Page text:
2J – Wetlands Forest Management
Plan, operate, and manage normal, ongoing forestry activities (including harvesting, road design and construction, site preparation and regeneration, and chemical management) to adequately protect the aquatic functions of forested wetlands.
Forested wetlands provide beneficial ecosystem functions such as flood-flow alteration, sediment trapping, nutrient retention and removal, provision of important habitat for fish and wildlife, and provision of timber products. Wetlands in the continental United States have declined greatly in the past 40 years because of conversion to other land uses. In the past 200 years, California lost 91 percent of its original wetlands, mostly because of conversion to agriculture (Yuhas, 2003).
- Road building/maintenance
Road construction and maintenance can adversely affect forested wetlands and should be avoided. Wetlands can fill with sediment runoff generated by road construction and the use of heavy equipment. Wetlands can also be degraded by improper road construction and ditching that alters wetland hydrology. In an effort to prevent these potential adverse effects, section 404 of the Clean Water Act requires the use of appropriate management practices for road construction and maintenance in wetlands so that flow and circulation patterns are not impaired.
Temporary roads should be used in forested wetlands whenever possible. Temporary roads can be constructed to provide adequate crossroad drainage at all natural drainageways. Temporary drainage structures include culverts, bridges, and porous material such as corduroy or chunkwood. The root mat in any wetland that has grass mounds or other uneven vegetation should not be disturbed. Any temporary wetland crossing is enhanced by using a root or slash mat to provide additional support to the equipment.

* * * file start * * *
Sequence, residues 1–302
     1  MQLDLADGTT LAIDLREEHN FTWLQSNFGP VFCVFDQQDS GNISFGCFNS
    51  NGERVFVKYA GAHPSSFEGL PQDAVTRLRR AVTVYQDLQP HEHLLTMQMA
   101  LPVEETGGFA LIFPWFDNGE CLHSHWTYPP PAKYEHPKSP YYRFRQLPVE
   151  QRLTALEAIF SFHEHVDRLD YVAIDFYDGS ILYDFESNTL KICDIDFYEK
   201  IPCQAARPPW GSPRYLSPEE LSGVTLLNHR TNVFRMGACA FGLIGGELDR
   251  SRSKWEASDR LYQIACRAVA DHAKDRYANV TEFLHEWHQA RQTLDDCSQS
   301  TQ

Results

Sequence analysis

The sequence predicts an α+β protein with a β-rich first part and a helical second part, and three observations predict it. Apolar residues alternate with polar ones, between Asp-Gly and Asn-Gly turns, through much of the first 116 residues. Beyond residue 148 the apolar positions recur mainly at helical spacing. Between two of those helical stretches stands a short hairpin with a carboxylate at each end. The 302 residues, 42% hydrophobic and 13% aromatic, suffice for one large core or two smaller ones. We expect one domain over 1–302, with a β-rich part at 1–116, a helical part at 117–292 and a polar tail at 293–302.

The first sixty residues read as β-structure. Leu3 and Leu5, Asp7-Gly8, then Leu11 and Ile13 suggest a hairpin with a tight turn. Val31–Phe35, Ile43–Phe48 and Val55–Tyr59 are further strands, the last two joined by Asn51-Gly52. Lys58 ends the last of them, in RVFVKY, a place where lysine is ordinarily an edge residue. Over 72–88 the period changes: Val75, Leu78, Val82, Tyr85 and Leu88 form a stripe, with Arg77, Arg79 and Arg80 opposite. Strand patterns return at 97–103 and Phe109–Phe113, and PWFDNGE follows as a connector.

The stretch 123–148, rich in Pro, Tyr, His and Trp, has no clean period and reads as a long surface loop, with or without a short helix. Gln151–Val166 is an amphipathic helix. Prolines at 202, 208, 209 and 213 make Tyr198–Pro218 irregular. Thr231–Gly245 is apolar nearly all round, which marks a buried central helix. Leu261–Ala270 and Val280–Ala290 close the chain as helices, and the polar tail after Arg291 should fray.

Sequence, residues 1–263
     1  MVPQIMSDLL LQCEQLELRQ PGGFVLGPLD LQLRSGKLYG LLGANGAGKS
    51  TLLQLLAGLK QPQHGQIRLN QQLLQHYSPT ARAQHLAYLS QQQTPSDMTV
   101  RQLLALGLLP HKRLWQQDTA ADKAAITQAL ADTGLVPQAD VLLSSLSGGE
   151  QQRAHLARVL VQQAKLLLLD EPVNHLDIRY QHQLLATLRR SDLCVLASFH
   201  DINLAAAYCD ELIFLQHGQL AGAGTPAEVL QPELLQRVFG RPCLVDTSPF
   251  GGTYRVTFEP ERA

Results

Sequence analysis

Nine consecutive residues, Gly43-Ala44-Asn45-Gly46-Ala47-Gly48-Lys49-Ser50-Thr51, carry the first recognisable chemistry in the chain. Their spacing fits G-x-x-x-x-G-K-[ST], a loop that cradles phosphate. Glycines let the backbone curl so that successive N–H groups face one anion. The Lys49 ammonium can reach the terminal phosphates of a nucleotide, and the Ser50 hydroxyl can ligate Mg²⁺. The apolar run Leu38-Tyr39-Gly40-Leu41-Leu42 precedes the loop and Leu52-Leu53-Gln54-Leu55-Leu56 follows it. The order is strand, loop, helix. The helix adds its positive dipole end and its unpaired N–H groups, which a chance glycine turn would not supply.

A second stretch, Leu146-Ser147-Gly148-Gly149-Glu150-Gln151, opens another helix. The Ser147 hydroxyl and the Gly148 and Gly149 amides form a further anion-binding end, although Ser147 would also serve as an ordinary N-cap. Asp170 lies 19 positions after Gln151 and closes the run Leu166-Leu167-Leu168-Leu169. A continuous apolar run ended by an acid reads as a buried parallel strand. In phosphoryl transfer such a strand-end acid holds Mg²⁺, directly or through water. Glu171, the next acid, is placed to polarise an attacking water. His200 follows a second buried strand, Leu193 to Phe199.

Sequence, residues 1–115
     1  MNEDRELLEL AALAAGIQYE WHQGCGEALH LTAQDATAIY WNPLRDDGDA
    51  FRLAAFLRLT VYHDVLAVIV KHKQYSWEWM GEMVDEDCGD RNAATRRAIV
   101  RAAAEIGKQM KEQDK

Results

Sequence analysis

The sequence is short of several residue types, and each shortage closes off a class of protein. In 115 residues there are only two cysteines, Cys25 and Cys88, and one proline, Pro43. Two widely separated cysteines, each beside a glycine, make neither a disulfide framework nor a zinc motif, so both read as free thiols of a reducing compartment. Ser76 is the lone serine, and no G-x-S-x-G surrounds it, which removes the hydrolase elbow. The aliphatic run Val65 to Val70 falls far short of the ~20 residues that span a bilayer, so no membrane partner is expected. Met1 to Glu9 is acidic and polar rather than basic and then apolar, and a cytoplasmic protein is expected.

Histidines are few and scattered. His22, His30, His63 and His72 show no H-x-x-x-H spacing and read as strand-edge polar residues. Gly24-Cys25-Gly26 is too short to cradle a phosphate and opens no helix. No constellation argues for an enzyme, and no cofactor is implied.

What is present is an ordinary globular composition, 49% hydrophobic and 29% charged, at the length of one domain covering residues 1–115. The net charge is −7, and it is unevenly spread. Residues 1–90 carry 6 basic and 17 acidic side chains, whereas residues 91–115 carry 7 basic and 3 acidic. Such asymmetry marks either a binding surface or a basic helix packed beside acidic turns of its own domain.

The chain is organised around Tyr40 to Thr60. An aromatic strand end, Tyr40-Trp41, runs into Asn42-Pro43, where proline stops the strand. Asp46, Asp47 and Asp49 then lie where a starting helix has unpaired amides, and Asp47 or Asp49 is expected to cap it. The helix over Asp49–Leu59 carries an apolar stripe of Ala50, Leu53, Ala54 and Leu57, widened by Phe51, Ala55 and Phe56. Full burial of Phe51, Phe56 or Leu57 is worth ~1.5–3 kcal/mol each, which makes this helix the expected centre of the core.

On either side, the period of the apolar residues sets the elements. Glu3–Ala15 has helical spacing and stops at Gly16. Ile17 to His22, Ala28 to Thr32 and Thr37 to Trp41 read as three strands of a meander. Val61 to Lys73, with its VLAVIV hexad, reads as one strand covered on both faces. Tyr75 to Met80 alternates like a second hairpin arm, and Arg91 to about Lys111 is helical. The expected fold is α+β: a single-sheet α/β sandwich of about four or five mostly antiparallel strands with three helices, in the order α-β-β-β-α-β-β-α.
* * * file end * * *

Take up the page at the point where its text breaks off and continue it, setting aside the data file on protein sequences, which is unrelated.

Where construction of fill roads is necessary, a permeable fill material such as gravel or crushed rock should be used for at least the first layer of fill. The use of pervious materials helps maintain the natural flow regimes of subsurface water. Adequate cross drainage should be provided to maintain the natural surface and subsurface flow of the wetland.
- Chemical use
Wetland contamination can result from improper application or use of herbicides and fertilizers. Application of herbicides with toxicity to aquatic life should be avoided. Instead, herbicide formulations that are approved for use in or near water should be used where feasible and applicable. These herbicides should be applied by injection to individual stems to reduce losses to surface waters. Fertilizers should be applied when leaching will be minimal, and slow-release fertilizers should be chosen when possible. This practice reduces the potential of the nutrients to leach in to ground water, and it increases the availability of nutrients for plant uptake.
- Site preparation
Site preparation techniques that degrade wetlands onsite or downstream should be avoided. Extensive site preparation on bottoms where frequent flooding occurs can cause excessive erosion and stream sedimentation. The degree of acceptable site preparation is governed by the amount and frequency of flooding, soil type, and species suitability and depends on the regeneration method used.